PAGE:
Chevy Car Questions & Answers - Performance Q&A

Kevin McClelland May 1, 2009 0 Comment(s)

With all this information, go ahead and finish screwing your engine together. Give it a nice, long break-in time before full-throttle runs. This will give the piston rings and cylinder bores the chance to get happy and wear slightly. Also, with this wear, the rings will have a greater surface contact area to the cylinder walls to aid in cooling. You shouldn't have a problem. Enjoy your new engine.

Sources: federal-mogul.com,kb-silvolite.com

Rip Van Winkle
Q My '72 Chevelle has been in storage for the last two years. I was not expecting to store it that long, so I didn't perform proper maintenance before I put it away. I have been a Chevy High Performance subscriber for several years, and I know I saw an article at some point about how to go about starting a car that's been in storage for several years, but I cannot find it. Could you please point me in the right direction? Thanks!
Tim Francis Louisville, KY

A First, for the fuel system you'll want to pick up a bottle of Redline Water Remover & Antifreeze. This will allow any moisture built up in the fuel tank to be absorbed into the fuel and burned though the engine without a problem. It is also a great upper-end lubricant, which will help wake up your sleeping engine. You can either pick up a bottle at your local Advanced, AutoZone, CSK, NAPA, or Pep Boys, or order it directly online from Redline.

Next, change the engine oil and replace the filter. Since we don't want to start the engine until the new oil is installed, give the oil plenty of time to drain from the oil pan. Normally, you'd want to drain the engine oil when it's good and warm to promote drainage.

Finally, remove the spark plugs and shoot some oil directly into the cylinders. What we've had great luck with is Marvel Mystery Oil, developed in the 1920s to combat deposits on carburetors caused by poorly refined gasoline. It was used extensively in WWII on everything from airplanes to battleships to tanks. The best part about Marvel oil is that it burns with no deposits. The top piston ring of an engine is essentially a dry ring (not supposed to have oil on it). Standard engine oil will leave deposits on the ring lands that inhibit ring seal. You can pick up Marvel Mystery Oil at all the above-listed auto parts stores.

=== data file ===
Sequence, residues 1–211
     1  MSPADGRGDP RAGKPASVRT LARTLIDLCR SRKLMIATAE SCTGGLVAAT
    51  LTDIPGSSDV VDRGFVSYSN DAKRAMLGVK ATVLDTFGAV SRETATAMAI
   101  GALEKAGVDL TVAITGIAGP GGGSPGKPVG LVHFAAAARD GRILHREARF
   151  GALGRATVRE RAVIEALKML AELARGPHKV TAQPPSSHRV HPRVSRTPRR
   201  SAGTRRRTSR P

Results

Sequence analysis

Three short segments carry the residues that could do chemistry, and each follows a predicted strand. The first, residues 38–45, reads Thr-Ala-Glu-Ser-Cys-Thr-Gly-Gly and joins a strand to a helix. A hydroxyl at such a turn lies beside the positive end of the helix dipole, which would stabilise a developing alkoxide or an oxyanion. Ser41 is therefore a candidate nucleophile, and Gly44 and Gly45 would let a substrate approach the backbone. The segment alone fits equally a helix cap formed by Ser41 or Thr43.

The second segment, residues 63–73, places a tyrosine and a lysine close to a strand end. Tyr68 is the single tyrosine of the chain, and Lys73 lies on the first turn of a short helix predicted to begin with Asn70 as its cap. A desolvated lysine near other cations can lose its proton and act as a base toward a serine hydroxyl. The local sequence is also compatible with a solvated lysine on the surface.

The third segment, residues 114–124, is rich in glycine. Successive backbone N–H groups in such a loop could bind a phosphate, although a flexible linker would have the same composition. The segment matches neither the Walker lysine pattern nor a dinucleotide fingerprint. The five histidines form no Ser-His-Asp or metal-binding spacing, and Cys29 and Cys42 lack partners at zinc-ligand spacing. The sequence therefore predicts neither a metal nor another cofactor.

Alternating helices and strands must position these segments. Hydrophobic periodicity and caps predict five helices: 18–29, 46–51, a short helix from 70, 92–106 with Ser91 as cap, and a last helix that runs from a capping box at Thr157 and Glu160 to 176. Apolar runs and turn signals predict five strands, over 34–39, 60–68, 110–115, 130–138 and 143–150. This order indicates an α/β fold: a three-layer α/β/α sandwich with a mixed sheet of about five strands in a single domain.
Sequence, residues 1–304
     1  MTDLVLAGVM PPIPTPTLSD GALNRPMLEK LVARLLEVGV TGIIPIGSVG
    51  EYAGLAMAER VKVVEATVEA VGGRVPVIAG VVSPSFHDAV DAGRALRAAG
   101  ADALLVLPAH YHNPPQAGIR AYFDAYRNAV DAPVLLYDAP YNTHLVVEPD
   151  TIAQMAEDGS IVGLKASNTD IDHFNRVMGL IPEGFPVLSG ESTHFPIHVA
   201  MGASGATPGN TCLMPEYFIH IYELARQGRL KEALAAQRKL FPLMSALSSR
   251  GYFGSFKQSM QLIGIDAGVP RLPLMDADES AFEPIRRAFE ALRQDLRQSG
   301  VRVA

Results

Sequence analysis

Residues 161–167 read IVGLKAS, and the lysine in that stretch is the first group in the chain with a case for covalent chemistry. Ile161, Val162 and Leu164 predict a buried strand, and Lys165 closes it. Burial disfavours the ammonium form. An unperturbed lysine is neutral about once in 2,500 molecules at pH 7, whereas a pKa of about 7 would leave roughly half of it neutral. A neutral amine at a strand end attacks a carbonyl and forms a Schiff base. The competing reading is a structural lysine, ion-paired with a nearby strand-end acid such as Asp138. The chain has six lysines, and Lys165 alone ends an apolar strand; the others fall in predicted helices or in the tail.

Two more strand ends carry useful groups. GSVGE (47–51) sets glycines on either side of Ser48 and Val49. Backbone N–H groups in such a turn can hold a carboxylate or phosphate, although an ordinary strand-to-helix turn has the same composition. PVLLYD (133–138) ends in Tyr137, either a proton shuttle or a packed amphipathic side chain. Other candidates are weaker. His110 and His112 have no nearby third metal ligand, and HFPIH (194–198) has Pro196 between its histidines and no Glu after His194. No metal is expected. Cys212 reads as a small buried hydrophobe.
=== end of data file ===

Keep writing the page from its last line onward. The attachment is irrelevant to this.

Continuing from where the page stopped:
With the plugs removed, Marvel in the cylinders, fresh oil in the pan, and Redline in the gas tank, crank the engine until you have good oil pressure or the oil pressure light has been off for 30 seconds. Reinstall the plugs, and you should be good to go. Of course, check all fluid levels, brake hoses, and tire pressure. We'd then service the car in about 1,000 miles-a complete service with all fluids. This will give the car a chance to wake up all its sleepy parts and get all the moisture out of its system.Sources: marvelmysteryoil.com, redlineoil.com

For Cryin' Out Loud!Q I was wondering if you ever might do a piece on building an 8.1 496 Voretc. I see tons of LS engine builds but have not seen one of these engines built in any magazine. Also, why does no one offer a carb intake for these engines? They have a place for the distributor in the block, although there might be a clearance problem with the intake runner. Everything else is either available or adaptable from Mark IV, Gen V, and Gen VI big-blocks. I have two of these engines and am installing one in a '47 Chevy sedan. Both of mine came from 4500 Chevy moving vans, where I think they are still available, although no longer in pickups. They have a strong, internally balanced 4.37-inch-stroke crank, a 4/7 swap roller cam, large cathedral-style ports, 2.19/1.72-inch valves, and thick cylinder walls that might go 0.125 inch over! The rods are 6.693 inch with light pistons. I know Raylar makes aluminum heads (expensive), so why does no one make a cast 4150/4500 flange intake for these things? It's a big-block rotting in a junkyard, for cryin' out loud! Like the early Chrysler Hemi was in the early '50s-no one wanted them at first.
Danny Marlow Mt. Vernon, IL

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